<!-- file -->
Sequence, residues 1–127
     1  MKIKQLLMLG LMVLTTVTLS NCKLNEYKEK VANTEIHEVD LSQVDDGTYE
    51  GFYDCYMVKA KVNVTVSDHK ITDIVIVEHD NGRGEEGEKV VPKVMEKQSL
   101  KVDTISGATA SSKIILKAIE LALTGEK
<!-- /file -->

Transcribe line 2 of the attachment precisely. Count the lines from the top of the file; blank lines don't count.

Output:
     1  MKIKQLLMLG LMVLTTVTLS NCKLNEYKEK VANTEIHEVD LSQVDDGTYE